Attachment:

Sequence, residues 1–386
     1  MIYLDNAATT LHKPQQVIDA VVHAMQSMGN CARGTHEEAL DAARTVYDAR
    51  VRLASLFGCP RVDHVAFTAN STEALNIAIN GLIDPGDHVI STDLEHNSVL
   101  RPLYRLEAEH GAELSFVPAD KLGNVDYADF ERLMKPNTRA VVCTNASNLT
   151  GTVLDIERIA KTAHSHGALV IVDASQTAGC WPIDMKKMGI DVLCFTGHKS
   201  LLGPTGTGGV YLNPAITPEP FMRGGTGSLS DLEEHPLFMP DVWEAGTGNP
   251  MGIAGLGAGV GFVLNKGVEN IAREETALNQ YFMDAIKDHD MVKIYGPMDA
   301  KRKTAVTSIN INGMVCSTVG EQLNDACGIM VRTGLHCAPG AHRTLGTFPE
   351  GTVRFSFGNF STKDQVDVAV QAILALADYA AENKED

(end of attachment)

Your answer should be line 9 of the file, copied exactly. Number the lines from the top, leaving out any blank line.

   351  GTVRFSFGNF STKDQVDVAV QAILALADYA AENKED